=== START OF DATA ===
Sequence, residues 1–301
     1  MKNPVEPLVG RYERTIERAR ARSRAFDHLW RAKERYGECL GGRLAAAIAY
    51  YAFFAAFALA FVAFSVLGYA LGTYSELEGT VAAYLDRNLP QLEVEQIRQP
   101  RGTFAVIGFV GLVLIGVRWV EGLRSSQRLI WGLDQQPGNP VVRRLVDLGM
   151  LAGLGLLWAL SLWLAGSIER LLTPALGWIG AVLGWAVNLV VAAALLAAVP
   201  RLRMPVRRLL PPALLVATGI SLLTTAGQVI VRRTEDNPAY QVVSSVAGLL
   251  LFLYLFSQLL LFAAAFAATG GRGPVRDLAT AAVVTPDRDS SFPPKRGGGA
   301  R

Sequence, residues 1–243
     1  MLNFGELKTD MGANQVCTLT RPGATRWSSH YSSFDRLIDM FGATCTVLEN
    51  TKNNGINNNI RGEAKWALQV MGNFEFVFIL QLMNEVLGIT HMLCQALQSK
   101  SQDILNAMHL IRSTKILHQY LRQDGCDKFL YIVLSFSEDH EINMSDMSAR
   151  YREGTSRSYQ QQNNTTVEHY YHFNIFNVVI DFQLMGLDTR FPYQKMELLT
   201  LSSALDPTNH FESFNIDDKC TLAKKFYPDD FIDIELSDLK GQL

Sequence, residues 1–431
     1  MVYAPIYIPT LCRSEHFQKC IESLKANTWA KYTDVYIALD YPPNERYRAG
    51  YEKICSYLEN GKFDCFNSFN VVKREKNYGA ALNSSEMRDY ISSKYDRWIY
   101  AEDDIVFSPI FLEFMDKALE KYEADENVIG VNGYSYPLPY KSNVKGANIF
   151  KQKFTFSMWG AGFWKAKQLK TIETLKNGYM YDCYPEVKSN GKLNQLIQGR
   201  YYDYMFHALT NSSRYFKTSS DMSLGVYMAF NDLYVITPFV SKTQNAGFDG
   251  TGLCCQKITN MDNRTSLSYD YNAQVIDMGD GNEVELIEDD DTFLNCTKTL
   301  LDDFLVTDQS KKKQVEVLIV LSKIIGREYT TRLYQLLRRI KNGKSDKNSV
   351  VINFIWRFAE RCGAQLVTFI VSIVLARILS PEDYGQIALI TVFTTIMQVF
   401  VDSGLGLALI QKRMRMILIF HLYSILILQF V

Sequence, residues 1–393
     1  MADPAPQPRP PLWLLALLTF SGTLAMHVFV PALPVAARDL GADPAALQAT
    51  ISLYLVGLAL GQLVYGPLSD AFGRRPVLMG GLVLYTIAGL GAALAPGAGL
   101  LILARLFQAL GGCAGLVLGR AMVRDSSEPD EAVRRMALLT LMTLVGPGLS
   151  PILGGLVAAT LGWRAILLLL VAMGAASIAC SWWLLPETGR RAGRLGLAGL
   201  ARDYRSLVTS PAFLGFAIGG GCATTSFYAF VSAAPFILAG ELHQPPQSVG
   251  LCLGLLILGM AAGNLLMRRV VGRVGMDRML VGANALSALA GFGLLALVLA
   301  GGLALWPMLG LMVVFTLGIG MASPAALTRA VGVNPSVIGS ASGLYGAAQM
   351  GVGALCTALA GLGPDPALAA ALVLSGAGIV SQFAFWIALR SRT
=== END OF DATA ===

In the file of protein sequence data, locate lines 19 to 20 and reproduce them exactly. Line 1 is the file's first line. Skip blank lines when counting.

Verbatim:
   151  KQKFTFSMWG AGFWKAKQLK TIETLKNGYM YDCYPEVKSN GKLNQLIQGR
   201  YYDYMFHALT NSSRYFKTSS DMSLGVYMAF NDLYVITPFV SKTQNAGFDG